A favourite (British) or favorite (American English) was the intimate companion of a ruler or other important person. In post-classical and early-modern Europe, among other times and places, the term was used of individuals delegated significant political power by a ruler.


Treated or regarded with partiality.


Preferred or liked above all others unless qualified.
This is my second favourite occupation.


(in combination) Having a certain appearance or physical features.
Ill-favoured; well-favoured; hard-favoured


Belonging to a category whose members are all preferred or liked over nonmembers.
I just saw a movie with all my favourite actors in it.


(dated) Wearing a favour.
A white-favoured footman


A person or thing who enjoys special regard or favour.
The teacher's favourite always went first.


Simple past tense and past participle of favour


A person who is preferred or trusted above all others.


A contestant or competitor thought most likely to win.
You were my favourite to win the spelling competition.
She's the favourite, she'll probably be elected.


(internet) A bookmark in a web browser.


(in the plural) A short curl dangling over the temples, fashionable in the reign of Charles II.


To favour.


(Internet) To bookmark.


(Internet) To add to one's list of favourite items on a website that allows users to compile such lists.


A competitor thought likely to win


A special loved one


Something regarded with special favor or liking;
That book is one of my favorites


Appealing to the general public;
A favorite tourist attraction


Preferred above all others and treated with partiality;
The favored child

Common Curiosities

What makes something a "favourite"?

A "favourite" is something that is preferred or loved more than others due to personal taste or affection.

Is "favourite" always positive?

Typically, yes, as it denotes preference or affection. However, its usage can be subjective and context-dependent.

Can "favoured" imply unfairness?

Sometimes, especially if the preferential treatment is perceived as unjust or not based on merit.

Can an object be "favoured"?

Yes, if it is given preference or advantages in specific situations, such as a "favoured" tool or method.

Can a person be "favoured"?

Yes, a person can be "favoured" if they receive special advantages or preferential treatment in a particular context.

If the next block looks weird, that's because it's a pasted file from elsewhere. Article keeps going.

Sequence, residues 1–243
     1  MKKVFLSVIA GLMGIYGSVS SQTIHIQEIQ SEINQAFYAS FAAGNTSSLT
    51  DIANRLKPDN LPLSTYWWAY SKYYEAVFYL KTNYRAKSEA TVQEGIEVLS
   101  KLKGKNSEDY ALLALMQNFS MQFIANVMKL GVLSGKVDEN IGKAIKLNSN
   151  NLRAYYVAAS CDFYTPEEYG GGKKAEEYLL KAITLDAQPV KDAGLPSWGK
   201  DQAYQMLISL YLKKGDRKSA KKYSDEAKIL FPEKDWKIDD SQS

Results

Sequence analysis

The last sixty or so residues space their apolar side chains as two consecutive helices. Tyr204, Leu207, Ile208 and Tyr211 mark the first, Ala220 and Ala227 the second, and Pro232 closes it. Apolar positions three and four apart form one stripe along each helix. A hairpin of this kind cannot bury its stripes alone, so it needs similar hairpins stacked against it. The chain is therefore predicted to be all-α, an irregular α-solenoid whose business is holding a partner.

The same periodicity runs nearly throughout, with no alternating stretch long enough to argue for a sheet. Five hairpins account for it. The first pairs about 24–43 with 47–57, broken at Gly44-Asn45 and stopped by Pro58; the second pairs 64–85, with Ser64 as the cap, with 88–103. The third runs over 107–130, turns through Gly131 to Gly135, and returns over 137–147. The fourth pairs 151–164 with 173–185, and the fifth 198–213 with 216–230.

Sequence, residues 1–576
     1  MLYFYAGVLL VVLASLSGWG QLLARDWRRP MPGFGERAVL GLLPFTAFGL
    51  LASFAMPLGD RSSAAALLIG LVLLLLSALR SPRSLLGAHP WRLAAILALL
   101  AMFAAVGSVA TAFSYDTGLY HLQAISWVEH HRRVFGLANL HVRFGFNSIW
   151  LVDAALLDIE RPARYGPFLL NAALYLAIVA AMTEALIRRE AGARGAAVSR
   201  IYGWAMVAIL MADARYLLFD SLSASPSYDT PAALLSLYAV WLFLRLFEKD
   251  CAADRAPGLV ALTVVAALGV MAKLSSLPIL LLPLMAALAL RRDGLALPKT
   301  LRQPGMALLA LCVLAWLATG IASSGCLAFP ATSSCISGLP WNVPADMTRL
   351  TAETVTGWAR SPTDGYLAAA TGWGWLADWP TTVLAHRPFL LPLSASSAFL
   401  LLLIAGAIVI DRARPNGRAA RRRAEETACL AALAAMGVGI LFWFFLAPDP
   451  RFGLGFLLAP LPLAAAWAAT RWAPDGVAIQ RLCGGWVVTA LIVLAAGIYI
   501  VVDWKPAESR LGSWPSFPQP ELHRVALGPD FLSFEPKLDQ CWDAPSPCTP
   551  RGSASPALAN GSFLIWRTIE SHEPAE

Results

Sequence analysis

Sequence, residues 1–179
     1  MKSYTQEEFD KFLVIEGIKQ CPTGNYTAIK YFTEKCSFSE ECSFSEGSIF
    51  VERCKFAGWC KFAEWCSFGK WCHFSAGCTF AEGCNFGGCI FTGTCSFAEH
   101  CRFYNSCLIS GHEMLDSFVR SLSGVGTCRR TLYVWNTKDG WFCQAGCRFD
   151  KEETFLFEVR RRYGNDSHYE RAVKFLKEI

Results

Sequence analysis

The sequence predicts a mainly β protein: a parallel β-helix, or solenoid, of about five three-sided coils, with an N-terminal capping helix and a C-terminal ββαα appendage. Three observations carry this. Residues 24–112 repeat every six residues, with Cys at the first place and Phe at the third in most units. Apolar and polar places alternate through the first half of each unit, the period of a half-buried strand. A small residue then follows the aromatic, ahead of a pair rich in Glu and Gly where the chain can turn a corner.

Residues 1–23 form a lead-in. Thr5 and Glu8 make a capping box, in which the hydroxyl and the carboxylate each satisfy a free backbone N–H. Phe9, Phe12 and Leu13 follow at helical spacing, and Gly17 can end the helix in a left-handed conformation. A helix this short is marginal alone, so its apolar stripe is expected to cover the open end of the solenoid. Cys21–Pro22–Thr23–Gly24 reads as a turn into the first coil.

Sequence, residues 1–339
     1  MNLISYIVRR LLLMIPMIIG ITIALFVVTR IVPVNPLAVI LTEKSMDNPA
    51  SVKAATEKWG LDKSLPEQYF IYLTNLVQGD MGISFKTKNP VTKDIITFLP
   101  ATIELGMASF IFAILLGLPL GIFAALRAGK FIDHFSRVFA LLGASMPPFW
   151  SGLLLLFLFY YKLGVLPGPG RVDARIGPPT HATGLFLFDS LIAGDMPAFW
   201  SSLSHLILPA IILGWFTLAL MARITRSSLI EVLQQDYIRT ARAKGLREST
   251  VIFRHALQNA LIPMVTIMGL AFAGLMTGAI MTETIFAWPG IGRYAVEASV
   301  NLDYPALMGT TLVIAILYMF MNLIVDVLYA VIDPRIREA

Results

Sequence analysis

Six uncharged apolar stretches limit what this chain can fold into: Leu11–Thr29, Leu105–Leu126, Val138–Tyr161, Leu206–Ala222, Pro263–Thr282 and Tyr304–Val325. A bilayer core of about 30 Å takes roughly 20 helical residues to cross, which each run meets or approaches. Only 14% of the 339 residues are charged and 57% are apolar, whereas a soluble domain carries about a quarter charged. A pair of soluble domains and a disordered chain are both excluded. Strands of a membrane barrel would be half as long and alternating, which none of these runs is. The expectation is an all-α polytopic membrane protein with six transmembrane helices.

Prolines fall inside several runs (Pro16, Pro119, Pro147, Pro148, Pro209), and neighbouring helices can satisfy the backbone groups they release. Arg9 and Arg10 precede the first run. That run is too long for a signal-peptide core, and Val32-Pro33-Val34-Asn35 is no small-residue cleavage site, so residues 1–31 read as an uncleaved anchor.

Do "favourite" and "favoured" have the same root?

Yes, both stem from the concept of favor, but they diverge in their application and connotations.

Are "favourite" and "favoured" interchangeable in any context?

No, because they convey different meanings: one is about personal preference, and the other is about receiving an advantage.

How do I know if I should use "favourite" or "favoured"?

Use "favourite" when expressing a personal preference or affection, and "favoured" when referring to something given an advantage or preference by external factors.

Is it possible to be a "favourite" without being "favoured"?

Yes, one can be a favourite (preferred for personal reasons) without necessarily receiving any external advantages or special treatment.

How do cultural differences impact the use of "favourite" vs. "favoured"?

Cultural norms and values can influence what is considered a "favourite" or how "favoured" treatment is perceived, especially in terms of fairness and merit.

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Author Spotlight

Written by
Maham Liaqat
Tayyaba Rehman is a distinguished writer, currently serving as a primary contributor to As a researcher in semantics and etymology, Tayyaba's passion for the complexity of languages and their distinctions has found a perfect home on the platform. Tayyaba delves into the intricacies of language, distinguishing between commonly confused words and phrases, thereby providing clarity for readers worldwide.